There’s a difference between perpetually pontificating and persevering. The editor of the Manchester Guardian once said, “Comment is free; facts are sacred.” Every day billions of opinions are tweeted as facts. Zillions of sage advice tweets and posts might give the impression that there are billions of people doing amazing things. I too have opinions. While I am not prone to untamed tweeting I am in danger of confusing perseverance with pontification. It is one thing to hold an opinion and quite another to back it with the actions that lead to an outcome.
A little phrase caught my eye: “You need to persevere.” Like many of you, I am in the midst of planning for the next calendar year. This usually involves several months of revisiting old mind maps where I listed an unreasonable number of things I hoped to work on, then tweaking them for the coming year. I have done this long enough to know the difference between dreaming and planning. It is possible and often necessary for us to have dreams we must hang onto for decades before they come to fruition. There is also a danger, unless those dreams get legs, such dreams become a deception.
The full phrase that I read is a lot more pointed than “you need to persevere.”
You need to persevere so that when you have done the will of God, you will receive what he has promised. – Hebrews 10:36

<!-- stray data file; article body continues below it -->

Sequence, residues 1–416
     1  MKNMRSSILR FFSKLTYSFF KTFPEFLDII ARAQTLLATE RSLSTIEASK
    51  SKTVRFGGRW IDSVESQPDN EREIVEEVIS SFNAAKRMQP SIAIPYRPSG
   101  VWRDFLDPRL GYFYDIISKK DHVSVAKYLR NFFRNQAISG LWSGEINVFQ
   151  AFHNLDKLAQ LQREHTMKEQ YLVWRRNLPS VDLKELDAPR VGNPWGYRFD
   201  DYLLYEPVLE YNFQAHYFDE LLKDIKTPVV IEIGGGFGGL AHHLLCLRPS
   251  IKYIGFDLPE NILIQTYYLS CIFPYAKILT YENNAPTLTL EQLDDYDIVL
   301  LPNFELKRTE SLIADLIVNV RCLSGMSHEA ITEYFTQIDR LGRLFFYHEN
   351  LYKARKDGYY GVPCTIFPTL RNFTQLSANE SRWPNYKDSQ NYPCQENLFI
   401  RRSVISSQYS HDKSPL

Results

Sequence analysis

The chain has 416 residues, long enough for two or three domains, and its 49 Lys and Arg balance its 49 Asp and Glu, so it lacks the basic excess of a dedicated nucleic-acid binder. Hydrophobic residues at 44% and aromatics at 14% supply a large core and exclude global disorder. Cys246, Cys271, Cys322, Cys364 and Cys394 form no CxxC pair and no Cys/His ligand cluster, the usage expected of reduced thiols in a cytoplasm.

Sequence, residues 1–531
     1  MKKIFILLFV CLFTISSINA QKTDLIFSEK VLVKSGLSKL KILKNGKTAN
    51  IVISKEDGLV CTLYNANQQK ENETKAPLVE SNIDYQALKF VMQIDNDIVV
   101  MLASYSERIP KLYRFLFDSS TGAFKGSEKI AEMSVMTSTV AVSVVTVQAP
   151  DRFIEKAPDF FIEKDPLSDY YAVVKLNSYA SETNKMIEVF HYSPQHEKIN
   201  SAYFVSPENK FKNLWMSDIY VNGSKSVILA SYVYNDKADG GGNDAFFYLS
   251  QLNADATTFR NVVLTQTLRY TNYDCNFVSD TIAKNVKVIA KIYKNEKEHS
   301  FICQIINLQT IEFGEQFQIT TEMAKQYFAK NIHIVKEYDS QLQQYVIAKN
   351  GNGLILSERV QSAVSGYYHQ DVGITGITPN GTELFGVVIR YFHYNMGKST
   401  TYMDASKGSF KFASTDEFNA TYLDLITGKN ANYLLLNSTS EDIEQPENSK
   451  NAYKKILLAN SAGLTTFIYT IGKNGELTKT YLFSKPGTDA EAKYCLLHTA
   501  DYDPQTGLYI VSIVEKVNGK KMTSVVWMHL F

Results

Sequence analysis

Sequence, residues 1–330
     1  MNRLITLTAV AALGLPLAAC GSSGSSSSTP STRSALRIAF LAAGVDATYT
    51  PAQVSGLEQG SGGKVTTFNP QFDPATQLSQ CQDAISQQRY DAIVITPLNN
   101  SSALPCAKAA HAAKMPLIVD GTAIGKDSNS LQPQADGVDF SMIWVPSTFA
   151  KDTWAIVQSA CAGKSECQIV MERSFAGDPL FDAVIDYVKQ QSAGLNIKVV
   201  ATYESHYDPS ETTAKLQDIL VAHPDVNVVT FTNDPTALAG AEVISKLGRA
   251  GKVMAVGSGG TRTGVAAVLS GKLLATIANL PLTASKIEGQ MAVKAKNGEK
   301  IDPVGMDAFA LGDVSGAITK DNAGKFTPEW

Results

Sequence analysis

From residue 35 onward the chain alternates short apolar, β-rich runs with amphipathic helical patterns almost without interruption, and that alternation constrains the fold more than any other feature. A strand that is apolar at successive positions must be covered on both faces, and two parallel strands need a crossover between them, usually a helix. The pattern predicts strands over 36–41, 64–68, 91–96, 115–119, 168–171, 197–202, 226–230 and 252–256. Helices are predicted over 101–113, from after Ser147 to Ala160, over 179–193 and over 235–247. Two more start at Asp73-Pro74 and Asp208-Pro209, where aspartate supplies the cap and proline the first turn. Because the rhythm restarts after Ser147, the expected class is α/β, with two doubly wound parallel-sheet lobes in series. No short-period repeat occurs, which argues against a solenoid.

Some of the dreams I had 15 or 20 years ago sounded like promises: it seemed inevitable they would be concretized. As the years rolled on it and the material expression of the dream seemed almost as far away as when I first saw it I have wondered, “will it ever happen?” Persevere, do, receive. Every week I need to put myself on the path that intersects with the promise. I must take baby steps: update a PowerPoint, discuss it with a friend, dialog with God about what he said those many years ago, express belief that it will still come to pass. Plod, next step, persevere. I ask myself, “Have I done all I can do so that the door is opened for God to do what only he can do?”
There’s a fine line but tremendous difference between an “acting in faith” perseverance and “perpetual pontification.” The former is expectant; the latter espouses what should be done but lists all the obstacles, opposition, and circumstances that prevent it. So I must monitor my speech: am I talking about what will happen, or am I sprouting about the many reasons why it will be hard to achieve?
I once held a workshop on LEMON Leadership® which talks about five types of leaders: Luminaries, Entrepreneurs, Managers, Organizers, and Networkers. A mathematician approached me during a break and said, “E – r = L.” I looked a little confused so he clarified. “Entrepreneur minus risk = Luminary… I used to be an Entrepreneur but lost my willingness to take risks… so now I am a Luminary.” Inspiration without activation, ideas without action, dreams without dogged obedience… all of these can make me an expert in what cannot be done. Perseverance that plods in the path of a promise—even when the provision is not apparent—yields an outcome. So I must be careful to match my opinions with actions otherwise I risk becoming a member of the growing band of modern-day Pharisees who see more than they do, dream more than they dare.